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Why experts rarely make mistakes in declarer play

Figure 1

As I’ve often said before in this column, of the three pillars that make up the game of contract bridge – bidding, declarer play and defence – by far the hardest one to learn is declarer play.

Bidding can be learnt from books or though a lot of practice away from the table – defence also has a number of rules and guidelines one can follow to make life easier when defending, but in declarer play it is all about playing hand after hand after hand, for weeks, months, maybe years before it all clicks into place. And it will.

At the top level of the game the experts make mistakes in declarer play once in a blue moon – they may misguess a situation, or at times take a line of play that is slightly inferior to the best line, but rarely do they go badly wrong.

One of the reasons for this is that they do their thinking at trick one and then choose a Plan A and a Plan B and then concentrate on executing the plan.

On today’s hand, declarer was clearly not a thinker or planner!

After this fairly agricultural, but not unreasonable, sequence, declarer landed in 3NT.

West led the Queen of hearts. Declarer took this with his King and, without any discernible thought, cashed the King of clubs. Next, he crossed to dummy with a spade to the Ace to play Ace and another club. When East turned up with Queen-Jack fourth of clubs the contract could no longer be made.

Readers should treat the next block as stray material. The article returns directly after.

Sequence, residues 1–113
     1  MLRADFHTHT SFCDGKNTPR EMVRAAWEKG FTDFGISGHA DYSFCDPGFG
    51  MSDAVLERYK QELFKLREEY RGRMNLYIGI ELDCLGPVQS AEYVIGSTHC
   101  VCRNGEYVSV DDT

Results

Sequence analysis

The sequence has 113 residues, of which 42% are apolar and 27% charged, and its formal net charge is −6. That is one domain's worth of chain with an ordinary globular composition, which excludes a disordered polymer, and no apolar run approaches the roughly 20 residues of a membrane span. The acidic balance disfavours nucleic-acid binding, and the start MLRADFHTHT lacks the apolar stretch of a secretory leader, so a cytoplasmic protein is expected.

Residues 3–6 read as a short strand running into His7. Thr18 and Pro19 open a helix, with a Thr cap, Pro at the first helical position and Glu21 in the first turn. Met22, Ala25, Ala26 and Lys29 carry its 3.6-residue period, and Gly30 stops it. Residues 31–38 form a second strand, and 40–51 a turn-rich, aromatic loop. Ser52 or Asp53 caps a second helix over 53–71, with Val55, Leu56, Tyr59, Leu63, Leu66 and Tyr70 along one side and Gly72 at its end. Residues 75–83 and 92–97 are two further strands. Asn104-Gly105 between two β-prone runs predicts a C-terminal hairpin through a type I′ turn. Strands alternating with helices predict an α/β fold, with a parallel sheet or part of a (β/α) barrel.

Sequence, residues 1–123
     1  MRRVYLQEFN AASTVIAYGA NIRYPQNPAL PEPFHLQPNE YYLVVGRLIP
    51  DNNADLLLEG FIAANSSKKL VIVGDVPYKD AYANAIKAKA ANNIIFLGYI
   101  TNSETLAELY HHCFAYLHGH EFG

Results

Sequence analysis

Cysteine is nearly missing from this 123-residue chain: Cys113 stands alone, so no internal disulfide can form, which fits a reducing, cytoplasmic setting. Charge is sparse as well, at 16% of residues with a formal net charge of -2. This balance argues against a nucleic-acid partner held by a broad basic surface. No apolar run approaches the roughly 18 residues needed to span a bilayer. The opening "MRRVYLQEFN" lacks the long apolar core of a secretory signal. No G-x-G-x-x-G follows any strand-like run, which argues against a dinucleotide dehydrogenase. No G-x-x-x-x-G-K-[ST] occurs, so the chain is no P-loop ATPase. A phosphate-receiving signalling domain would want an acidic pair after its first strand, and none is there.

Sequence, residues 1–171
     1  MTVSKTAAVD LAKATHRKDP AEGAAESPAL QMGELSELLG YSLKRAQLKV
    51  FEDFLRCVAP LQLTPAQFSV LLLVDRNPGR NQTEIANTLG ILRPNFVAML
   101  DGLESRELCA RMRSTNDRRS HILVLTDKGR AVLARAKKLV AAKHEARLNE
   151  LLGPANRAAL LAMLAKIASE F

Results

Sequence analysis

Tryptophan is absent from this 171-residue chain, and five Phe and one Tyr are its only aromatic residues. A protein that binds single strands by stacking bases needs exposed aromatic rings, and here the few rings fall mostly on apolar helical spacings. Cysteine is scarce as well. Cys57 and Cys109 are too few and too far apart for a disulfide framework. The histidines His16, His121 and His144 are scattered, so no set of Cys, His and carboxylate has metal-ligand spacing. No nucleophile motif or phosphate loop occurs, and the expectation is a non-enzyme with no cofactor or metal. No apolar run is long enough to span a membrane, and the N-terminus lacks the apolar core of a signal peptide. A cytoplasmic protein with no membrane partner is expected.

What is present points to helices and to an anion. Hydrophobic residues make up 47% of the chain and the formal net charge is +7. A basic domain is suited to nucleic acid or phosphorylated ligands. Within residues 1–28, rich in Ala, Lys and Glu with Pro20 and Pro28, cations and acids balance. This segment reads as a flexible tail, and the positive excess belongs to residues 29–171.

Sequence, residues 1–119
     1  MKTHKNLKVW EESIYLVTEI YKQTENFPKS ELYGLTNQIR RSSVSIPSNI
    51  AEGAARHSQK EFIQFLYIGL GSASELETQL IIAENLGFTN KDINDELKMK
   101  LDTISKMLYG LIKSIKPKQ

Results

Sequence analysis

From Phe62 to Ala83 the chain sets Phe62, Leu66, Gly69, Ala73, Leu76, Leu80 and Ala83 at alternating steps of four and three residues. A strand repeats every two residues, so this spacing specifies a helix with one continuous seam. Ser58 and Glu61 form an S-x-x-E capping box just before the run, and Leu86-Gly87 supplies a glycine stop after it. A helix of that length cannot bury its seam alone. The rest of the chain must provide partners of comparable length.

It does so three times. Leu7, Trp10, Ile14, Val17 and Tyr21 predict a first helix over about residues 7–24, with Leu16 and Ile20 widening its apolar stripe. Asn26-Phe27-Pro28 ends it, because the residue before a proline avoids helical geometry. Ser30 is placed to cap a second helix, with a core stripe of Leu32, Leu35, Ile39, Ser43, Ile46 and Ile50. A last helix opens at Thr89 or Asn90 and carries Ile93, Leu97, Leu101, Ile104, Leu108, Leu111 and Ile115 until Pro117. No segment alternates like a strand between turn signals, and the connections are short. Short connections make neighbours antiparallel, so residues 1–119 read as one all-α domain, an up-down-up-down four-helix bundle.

“That was unlucky,” moaned South. “I make the contract if clubs are 3-3 or if one defender has a doubleton with an honour.”

“Luck had nothing to do with the matter,” North observed. “You played too quickly at trick two. All you had to do was overtake the King of clubs with dummy’s Ace and play the ten of clubs.

“If West has Queen-Jack third or fourth of clubs and five hearts to the Queen-Jack-ten, then the eight and nine of hearts will combine to provide a second stopper in the suit.

“When East has both the missing club honours, as here, the defenders can take at most two tricks in whichever red suit they attack.

“On a heart return after the second club, you rise with the Ace of hearts, cross to dummy in spades and drive out the outstanding club honour. As the hearts will be at worst 4=2, you will have nine tricks: four tricks in the major suits, the Ace of diamonds and four clubs.

“On a diamond return after East wins the second round of clubs, your Queen-ten in the suit will limit the defenders to at most two tricks in the suit, should East lead a second diamond after he regains the lead in clubs.”

Funny how partners usually seem to know the right answer – and funny how they usually share it with you!

David Ezekiel can be contacted at davidezekiel999@gmail.com


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Published June 08, 2024 at 7:56 am (Updated June 08, 2024 at 7:17 am)

Why experts rarely make mistakes in declarer play

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